pp. 060-061 p. 062 p. 063

When Michael Eisner wished upon Michael Graves's particular star, his dream for Hotel New York failed to come true. What Eisner asked Graves to do, Robert Stern could have done in his sleep. All the boss wanted, after all, was a 574-room luxury convention hotel with 6,600 square feet of convention facilities that would evoke a slice of the Big Apple by suggesting skyscrapers, brownstones, and Rockefeller Center. What Eisner got from Graves instead is a stripped-down collage of the architect's favorite Italianate volumes, with nary a remote hint of the hoped-for Manhattan significations. The most laughable failure is RockefelIer plaza, which is nothing more than a flat rectangular plane decorated with a map of Manhattan and flanked by a pair of ugly little pavilions. The five-story stuccoed wings meant to recall brownstones resemble old-law tenements instead, and the vertical panels on the facade of the nine-story block look more like giant striped signboards than skyscrapers. The pool pavilion at the western end of the complex is decorated to suggest a David Hockney painting, but again has nothing to do with New York. In fact, the project's only New York reference – the triangular openings along the base of the southern elevation – is to the ill-fated Whitney Museum additions, Graves's failed attempt to actually build in Manhattan. Inside the hotel, the themed Art Deco public spaces are dark, somber, deliberately funereal, and tomblike. Dimly illuminated signs, old Broadway posters, photographs or skyscrapers, and theater memorabilia are lost in the gloom, serving as memento mori of the era buried there. Why did the architect of the superb Swan and Dolphin Hotels at Disney World in Orlando perform so badly in Marne-la-Vallée? Is it because Graves is too strong a talent to be chained to a theme? The Orlando hotel are original and glorious creations because when he designed them, Graves was not required to tell any story other than his own. Producing a Disney version of Manhattan plainly didn't interest him.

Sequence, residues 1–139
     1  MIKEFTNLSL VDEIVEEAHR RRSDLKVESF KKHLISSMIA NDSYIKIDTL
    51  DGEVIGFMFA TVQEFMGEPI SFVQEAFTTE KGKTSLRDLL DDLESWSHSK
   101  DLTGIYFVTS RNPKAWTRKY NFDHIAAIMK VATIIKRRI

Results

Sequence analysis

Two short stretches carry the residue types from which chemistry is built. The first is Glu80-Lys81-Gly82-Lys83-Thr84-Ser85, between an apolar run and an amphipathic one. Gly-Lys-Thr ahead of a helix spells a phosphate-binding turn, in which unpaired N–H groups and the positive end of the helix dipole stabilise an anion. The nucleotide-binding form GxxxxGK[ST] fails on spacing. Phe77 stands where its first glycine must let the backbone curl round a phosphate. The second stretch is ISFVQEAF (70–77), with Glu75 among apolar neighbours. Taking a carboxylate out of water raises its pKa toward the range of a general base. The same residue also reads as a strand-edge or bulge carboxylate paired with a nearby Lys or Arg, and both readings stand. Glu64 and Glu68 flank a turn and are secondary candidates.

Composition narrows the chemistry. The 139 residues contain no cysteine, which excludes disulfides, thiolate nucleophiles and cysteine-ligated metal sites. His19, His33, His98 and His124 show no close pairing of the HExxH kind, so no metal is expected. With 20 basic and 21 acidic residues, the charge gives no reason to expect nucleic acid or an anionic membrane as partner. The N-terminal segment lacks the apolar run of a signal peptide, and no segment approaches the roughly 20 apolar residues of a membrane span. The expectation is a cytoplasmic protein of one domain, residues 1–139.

Credits [see page 117] Design Architect: Michael Graves, Architecr, Princeton, New Jersey – Michael Graves (principal); Patrick Burke (associate-in-charge); Jesse Castanda, Mark Kelly (job captains); Amy Cheun, Ian Fleetwood, Erica C. Weeder, Ron Witte (design); Wendy Bradford, Susan Butcher, Michelle Stivelman (interiors) Architect of Record: Macary-Menu, Paris Landscape Architects: EDAW; Sasaki Associates Interior Designers: Michael Graves, Architect (design); InterArt Etudes (production) Engineer: Sechaud & Bossuyt & Cie Consultants: Jules Fisher and Paul Marantz (lighting); Lighting Design Partnership (interior lighting); David Carter Associates (graphics) Construction Manager: COTEBA

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